For all the things I enjoy about Smurf collecting…….. Is that every Smurf is different because of their hand painted touches, that makes each one unique. Especially with the older Smurfs and their eyes. A simple and small touch of difference.
Now it’s your turn, to share what you enjoy about Smurf collecting
Can you spot a fake Smurf? We look at the differences between a genuine and fake #20541 Dracula Smurf, first sold in 2006. For example, we have listed 5 things to look out for with Dracula Smurf. Let me know if you of any other things to look out for!
The genuine Dracula Smurfs have their eyes joined together. Where as the fake Dracula Smurfs have their eyes separated.
Check the markings on the underside of the cape. The Schleich made ones are from Germany and not China.
Inspect the quality of the paint colours. Genuine ones are painted with matte colours and not shiny colours.
Similar to the paint colours above, check the edges of the moulding. If buying in person also feel the texture of the mould.
Check if the cufflinks are silver, if not painted most likely it is a fake.
Recently I deliberately purchased a fake Dracula Smurf. It was very cheap and was in good condition. But what I like most is the misspelling of China. On these it shows as Chian. It’s a shame the markings aren’t on the back of head for everyone to see.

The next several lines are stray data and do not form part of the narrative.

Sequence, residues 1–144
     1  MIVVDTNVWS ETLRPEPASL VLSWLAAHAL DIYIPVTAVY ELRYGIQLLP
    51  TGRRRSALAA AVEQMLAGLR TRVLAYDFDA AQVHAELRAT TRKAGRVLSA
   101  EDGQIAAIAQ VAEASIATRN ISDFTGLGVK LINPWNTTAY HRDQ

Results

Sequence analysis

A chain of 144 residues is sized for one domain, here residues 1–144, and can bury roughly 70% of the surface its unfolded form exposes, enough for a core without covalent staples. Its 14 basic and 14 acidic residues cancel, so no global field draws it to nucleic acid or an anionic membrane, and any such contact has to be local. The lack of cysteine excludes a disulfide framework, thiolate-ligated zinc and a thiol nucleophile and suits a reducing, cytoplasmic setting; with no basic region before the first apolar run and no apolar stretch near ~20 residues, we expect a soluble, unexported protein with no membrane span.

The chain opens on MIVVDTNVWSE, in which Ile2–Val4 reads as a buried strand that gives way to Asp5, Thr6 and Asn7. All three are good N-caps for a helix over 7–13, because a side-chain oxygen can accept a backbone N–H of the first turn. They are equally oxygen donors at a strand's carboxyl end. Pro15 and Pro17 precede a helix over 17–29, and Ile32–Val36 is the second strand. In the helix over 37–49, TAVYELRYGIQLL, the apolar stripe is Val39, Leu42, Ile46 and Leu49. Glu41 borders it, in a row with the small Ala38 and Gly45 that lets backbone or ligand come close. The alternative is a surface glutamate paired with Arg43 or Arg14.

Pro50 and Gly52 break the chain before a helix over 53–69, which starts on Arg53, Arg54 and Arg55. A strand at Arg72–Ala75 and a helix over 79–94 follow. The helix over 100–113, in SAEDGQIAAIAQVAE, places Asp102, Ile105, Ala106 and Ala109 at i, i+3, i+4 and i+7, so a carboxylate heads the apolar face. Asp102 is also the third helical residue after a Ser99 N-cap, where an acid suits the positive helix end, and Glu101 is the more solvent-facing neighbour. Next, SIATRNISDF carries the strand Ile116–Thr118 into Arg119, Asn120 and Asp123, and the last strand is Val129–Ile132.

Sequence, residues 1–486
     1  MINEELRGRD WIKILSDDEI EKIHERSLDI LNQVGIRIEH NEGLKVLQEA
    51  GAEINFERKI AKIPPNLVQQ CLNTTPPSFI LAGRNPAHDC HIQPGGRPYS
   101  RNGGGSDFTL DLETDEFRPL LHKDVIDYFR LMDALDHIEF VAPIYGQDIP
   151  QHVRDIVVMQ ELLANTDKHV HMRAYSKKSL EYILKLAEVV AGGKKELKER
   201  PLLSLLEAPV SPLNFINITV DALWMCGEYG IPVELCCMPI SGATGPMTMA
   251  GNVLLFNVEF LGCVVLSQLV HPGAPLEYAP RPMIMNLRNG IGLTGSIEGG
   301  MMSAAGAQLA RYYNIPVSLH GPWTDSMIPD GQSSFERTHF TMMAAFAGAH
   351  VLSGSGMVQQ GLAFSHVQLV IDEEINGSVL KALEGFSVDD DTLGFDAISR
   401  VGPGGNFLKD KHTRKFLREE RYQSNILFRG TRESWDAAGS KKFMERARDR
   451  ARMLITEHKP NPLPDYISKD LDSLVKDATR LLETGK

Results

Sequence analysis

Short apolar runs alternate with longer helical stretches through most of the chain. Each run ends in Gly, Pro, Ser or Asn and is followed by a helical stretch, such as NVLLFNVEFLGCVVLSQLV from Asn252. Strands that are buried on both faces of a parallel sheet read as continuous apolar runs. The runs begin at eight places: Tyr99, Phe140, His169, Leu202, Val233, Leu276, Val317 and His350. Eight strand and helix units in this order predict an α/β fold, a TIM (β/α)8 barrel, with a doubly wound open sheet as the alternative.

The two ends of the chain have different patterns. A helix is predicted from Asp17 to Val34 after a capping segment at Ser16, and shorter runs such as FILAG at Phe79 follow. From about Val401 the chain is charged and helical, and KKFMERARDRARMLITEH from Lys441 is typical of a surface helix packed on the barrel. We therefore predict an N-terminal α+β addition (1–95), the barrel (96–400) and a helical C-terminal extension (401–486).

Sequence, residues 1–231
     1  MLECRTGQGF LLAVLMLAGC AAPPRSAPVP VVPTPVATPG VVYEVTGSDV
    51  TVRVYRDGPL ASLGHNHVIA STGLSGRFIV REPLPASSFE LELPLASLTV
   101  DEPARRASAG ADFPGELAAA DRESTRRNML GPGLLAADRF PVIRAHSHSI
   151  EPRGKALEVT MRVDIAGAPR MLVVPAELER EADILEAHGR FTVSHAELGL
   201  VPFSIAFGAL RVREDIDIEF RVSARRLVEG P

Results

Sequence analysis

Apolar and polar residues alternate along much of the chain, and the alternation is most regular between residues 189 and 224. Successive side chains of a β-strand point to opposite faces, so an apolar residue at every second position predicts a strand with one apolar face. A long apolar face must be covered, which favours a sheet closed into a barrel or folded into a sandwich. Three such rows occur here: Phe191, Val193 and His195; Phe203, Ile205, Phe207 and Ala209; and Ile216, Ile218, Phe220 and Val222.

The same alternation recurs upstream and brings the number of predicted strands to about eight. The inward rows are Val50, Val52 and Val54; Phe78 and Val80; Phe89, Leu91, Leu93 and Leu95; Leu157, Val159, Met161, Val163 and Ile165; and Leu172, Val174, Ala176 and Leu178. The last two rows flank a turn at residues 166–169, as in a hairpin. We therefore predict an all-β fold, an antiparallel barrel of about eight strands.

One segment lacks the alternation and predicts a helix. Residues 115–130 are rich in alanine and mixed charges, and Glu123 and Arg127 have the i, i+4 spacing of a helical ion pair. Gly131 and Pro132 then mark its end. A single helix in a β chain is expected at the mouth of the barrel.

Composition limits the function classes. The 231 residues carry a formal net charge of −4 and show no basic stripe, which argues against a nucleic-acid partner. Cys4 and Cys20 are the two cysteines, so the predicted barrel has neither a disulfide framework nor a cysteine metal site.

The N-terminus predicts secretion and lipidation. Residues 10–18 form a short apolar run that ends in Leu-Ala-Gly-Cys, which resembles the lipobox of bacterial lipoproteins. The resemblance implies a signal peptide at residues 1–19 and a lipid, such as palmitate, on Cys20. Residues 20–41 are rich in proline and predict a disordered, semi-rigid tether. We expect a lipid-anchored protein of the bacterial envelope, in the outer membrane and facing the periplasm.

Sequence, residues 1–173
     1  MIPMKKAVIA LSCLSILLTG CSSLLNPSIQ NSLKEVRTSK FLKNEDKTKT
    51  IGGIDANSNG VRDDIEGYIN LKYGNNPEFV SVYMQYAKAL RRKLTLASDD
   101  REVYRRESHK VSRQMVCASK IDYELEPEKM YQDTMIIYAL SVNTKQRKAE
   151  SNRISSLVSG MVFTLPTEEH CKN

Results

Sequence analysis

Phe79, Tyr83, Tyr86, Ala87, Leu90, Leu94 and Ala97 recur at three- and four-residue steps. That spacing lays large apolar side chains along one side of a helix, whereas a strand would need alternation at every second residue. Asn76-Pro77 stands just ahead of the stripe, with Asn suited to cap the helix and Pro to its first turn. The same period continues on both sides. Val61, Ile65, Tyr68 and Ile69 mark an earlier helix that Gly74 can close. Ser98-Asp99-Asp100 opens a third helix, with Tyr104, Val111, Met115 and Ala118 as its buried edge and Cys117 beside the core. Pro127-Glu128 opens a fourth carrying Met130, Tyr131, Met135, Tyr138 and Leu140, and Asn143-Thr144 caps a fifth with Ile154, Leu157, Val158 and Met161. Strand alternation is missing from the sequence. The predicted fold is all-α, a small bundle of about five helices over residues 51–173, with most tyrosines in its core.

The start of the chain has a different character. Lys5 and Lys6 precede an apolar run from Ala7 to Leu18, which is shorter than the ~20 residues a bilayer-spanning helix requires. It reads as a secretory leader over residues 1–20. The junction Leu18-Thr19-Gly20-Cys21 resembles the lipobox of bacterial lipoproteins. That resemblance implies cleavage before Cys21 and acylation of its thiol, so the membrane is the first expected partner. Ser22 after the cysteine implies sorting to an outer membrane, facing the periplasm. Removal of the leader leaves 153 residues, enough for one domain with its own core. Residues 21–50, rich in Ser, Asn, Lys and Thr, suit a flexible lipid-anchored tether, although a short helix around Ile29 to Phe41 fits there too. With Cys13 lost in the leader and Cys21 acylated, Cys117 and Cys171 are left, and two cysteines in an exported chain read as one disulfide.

Row 2, Column 13: Likes to smoke a pipe Row 4, column 17: Was also known as Rock n Roll Row 7, Column 2: First Super Smurf Row 6, Column 16: Likes to cheer for the Smurfs Row 9, Column 10: Plays the drums Row 8, Column 20: Sold in Australia by the name of Convict Row 10, Column 2: Holds a handkerchief in hand Row 11, Column 13: Bully super hero Row 12, Column 6: Never happy Row 13, Column 15: Won a gold medal at the London Olympics Row 15, Column 2: Papa Smurf’s apprentice Row 16, Column 17: Carries a thermometer Row 17, Column 5: Gargamel’s cat Row 18, Column 19: Creator of the Smurfs
Column 19, Row 2: Likes to wear a red or yellow scarf Column 21, Row 3: Has been found with green lipstick Column 3, Row 6: A Smurf never released in the UK Column 13, Row 8: Wears a kilt Column 16, Row 8: Was sold by the name of Soda Pop in the UK Column 7, Row 10: Wears a green apron Column 20, Row 10, Only female in Smurfland Column 10, Row 12: Also known as money
Answers will be provided in next week’s post.
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Buckle yourselves in, the smurfs are back with their new movie Smurfs – The Lost Village. It has been four years since the last smurf film and this time it was going to include no human characters – hooray! So other than watching an odd preview here there I really had no expectations with this film, which was probably a good thing.
This fully animated story is mainly focused around Smurfette and her quest to know who she is. We are gently reminded that the all the other smurfs are given their name by their personal trait. We are also reminded that Smurfette was made by evil wizard Gargamel until Papa Smurf saved the day.